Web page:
- 2017-03-14Cécile Pierrot (Centrum Wiskunde & Informatica, Amsterdam)Nearly sparse linear algebraLinear algebra is a widely used tool both in mathematics and computer science, and cryptography is no exception to this rule. Yet, it introduces some particularities, such as dealing with linear systems that are often sparse, or, in other words, linear systems inside which a lot of coefficients are equal to zero. We propose to enlarge this notion to nearly sparse matrices, characterized by the concatenation of a sparse matrix and some dense columns, and to design an algorithm to solve this kind of problems. Motivated by discrete logarithms computations on medium and high characteristic finite fields, the Nearly Sparse Linear Algebra bridges the gap between classical dense linear algebra problems and sparse linear algebra ones, for which specific methods have already been established. Our algorithm particularly applies on one of the three phases of NFS (Number Field Sieve) which precisely consists in finding a non trivial element of the kernel of a nearly sparse matrix.
This is a joint work with Antoine Joux.

- 2017-01-17Damien Stehlé (ENS Lyon)Tuple lattice sievingLattice sieving is asymptotically the fastest approach for solving the shortest vector problem (SVP) on Euclidean lattices. All known sieving algorithms for solving SVP require space which (heuristically) grows as $2^{0.2075n+o(n)}$, where n is the lattice dimension. In high dimensions, the memory requirement becomes a limiting factor for running these algorithms, making them uncompetitive with enumeration algorithms, despite their superior asymptotic time complexity. We generalize sieving algorithms to solve SVP with less memory. We consider reductions of tuples of vectors rather than pairs of vectors as existing sieve algorithms do. For triples, we estimate that the space requirement scales as $2^{0.1887n+o(n)}$. The naive algorithm for this triple sieve runs in time $2^{0.5661n+o(n)}$. With appropriate filtering of pairs, we reduce the time complexity to $2^{0.4812n+o(n)}$ while keeping the same space complexity. We further analyze the effects of using larger tuples for reduction, and conjecture how this provides a continuous tradeoff between the memory-intensive sieving and the asymptotically slower enumeration. Joint work with Shi Bai, Thijs Laarhoven
- 2016-11-22Razvan BarbulescuPairings are a relatively new cryptographic tool which have been the object of many arithmetic works. In the last few years some of the pairings have become obsolete because of the progress on the underlying problem of discrete logarithm in finite fields. We propose ourselves to make a list of pairings constructions, to explain their advantages but also their weaknesses. The sporadic curves are vulnerable to the Logjam attack and have never been a popular choice. The small characteristic curves allow a very good arithmetic but are the target of a quasi-polynomial algorithm. The pairings where the characteristic has a low Hamming weight, which eliminate the cost of modular reductions, have been the object of special attacks. When the embedding degree is composite the one can use the tower field arithmetic but there are also tower field attacks.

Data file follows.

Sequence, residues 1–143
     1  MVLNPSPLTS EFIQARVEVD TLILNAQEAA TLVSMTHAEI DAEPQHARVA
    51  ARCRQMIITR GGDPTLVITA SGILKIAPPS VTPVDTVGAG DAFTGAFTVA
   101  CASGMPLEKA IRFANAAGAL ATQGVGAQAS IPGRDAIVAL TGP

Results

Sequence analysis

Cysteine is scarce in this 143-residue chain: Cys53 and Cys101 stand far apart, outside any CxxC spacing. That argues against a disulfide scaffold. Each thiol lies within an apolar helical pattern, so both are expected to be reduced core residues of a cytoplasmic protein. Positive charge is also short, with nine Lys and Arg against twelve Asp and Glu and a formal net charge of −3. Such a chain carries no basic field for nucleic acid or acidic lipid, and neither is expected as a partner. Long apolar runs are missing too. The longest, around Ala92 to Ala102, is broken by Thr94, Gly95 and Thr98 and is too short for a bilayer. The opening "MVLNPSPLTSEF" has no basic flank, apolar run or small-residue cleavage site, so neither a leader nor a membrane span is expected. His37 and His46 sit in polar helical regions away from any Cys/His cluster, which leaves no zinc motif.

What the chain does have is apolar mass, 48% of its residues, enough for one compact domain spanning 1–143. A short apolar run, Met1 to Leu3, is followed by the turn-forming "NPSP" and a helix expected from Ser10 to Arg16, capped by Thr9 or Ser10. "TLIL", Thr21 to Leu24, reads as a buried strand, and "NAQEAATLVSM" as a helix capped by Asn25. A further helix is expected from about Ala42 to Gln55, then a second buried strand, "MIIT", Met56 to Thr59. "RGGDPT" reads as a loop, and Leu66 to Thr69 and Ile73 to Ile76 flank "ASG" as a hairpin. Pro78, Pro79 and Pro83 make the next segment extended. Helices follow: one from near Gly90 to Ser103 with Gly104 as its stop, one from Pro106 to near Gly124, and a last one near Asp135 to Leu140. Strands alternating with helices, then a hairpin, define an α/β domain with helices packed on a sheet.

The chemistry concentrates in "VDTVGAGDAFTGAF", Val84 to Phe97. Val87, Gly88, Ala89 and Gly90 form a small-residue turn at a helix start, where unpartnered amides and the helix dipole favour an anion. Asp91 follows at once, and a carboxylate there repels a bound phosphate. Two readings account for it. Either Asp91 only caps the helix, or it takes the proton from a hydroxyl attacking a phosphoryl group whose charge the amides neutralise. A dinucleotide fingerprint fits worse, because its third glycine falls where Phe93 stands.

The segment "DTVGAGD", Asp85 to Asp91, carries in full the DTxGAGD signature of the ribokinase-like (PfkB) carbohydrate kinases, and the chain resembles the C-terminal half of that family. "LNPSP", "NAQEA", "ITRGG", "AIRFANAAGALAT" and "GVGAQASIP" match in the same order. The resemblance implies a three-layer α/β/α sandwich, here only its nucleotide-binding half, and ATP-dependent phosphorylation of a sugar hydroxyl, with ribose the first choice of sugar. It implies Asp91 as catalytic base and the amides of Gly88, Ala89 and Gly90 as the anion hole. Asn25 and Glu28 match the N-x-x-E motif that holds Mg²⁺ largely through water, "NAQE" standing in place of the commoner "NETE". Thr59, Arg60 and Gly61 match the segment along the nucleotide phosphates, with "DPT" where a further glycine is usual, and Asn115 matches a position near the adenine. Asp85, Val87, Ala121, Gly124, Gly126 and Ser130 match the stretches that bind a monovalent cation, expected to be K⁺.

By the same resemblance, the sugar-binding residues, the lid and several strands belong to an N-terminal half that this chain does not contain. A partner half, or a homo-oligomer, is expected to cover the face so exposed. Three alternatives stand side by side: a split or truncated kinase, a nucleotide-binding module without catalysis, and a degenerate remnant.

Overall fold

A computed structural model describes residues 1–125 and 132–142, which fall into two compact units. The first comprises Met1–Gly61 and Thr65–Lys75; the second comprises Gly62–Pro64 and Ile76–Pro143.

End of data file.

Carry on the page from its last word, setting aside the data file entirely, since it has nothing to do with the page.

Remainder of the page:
- 2016-11-08Aurélien FocquéAlgorithmes BMSS et Lercier Sirvent pour SEA dans PARI
- 2016-10-18Gregor Seiler (ETH Zurich)Computing ray class fields of imaginary quadratic fields
- 2016-10-11Enea Milio (Inria Nancy Grand Est)Une implantation en genre 2 de "Computing functions on Jacobians and their quotients" de Jean-Marc Couveignes et Tony EzomeCet article explique comment définir et évaluer des fonctions sur des Jacobiennes de courbes de genre $g$ et sur des quotients de telles Jacobiennes par des sous-groupes isotropes maximaux de la $\ell$-torsion, pour $\ell>2$ premier. Pour le cas spécifique du genre 2, il est bien connu qu’à partir d’une courbe hyperelliptique $C$ et d’un sous-groupe isotrope maximal $V$, le quotient $\mathrm{Jac}(C)/V$ est la Jacobienne d’une courbe hyperelliptique $C’$, $(\ell,\ell)$-isogène à $C$. L’application de $C$ vers $\mathrm{Jac}(D)$ peut être décrite avec des fractions rationnelles de degré en $O(\ell)$. L’article donne une méthode pour calculer $C’$ et ces fractions. Pour notre exposé, nous nous proposons d’exposer le contenu de ce papier et de parler de l’implantation que nous avons faite en genre 2.